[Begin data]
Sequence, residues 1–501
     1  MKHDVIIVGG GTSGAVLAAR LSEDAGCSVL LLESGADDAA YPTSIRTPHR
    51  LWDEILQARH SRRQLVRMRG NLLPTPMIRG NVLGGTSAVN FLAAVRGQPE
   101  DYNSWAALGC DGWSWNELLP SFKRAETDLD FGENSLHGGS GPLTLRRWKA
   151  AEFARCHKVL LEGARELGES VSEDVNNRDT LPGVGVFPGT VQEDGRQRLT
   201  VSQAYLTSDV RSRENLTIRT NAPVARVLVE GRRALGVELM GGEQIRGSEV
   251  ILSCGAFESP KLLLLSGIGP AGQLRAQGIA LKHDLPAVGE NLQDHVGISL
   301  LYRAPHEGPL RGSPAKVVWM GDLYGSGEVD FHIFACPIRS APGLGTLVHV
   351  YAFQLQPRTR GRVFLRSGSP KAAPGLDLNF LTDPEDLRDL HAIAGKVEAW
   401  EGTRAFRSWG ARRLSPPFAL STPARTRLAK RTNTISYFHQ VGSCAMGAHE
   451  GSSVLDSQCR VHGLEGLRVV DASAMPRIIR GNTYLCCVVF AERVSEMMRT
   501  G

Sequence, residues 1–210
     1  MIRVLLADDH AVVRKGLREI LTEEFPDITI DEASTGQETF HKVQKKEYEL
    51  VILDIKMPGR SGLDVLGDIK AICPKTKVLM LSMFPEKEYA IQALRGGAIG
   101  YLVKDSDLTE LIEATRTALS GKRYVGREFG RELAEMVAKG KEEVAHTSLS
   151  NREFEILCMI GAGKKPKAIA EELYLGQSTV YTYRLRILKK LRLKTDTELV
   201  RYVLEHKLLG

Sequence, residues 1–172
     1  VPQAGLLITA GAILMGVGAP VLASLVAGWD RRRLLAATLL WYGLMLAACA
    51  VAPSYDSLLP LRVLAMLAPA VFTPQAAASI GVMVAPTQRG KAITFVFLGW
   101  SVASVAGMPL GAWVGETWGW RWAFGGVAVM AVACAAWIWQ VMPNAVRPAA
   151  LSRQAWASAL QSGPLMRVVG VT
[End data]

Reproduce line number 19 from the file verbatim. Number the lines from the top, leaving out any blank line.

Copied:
Sequence, residues 1–172